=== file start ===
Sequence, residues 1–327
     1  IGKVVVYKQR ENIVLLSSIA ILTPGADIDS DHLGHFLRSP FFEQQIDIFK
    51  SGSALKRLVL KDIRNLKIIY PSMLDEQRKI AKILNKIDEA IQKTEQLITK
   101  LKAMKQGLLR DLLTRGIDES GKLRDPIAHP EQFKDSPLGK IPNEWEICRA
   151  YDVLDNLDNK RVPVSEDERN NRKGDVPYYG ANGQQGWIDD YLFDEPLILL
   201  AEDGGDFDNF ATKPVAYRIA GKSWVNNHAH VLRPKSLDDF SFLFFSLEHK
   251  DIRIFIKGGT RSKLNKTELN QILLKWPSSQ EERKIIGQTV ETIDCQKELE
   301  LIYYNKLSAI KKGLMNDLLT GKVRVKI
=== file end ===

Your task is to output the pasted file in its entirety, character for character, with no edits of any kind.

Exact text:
Sequence, residues 1–327
     1  IGKVVVYKQR ENIVLLSSIA ILTPGADIDS DHLGHFLRSP FFEQQIDIFK
    51  SGSALKRLVL KDIRNLKIIY PSMLDEQRKI AKILNKIDEA IQKTEQLITK
   101  LKAMKQGLLR DLLTRGIDES GKLRDPIAHP EQFKDSPLGK IPNEWEICRA
   151  YDVLDNLDNK RVPVSEDERN NRKGDVPYYG ANGQQGWIDD YLFDEPLILL
   201  AEDGGDFDNF ATKPVAYRIA GKSWVNNHAH VLRPKSLDDF SFLFFSLEHK
   251  DIRIFIKGGT RSKLNKTELN QILLKWPSSQ EERKIIGQTV ETIDCQKELE
   301  LIYYNKLSAI KKGLMNDLLT GKVRVKI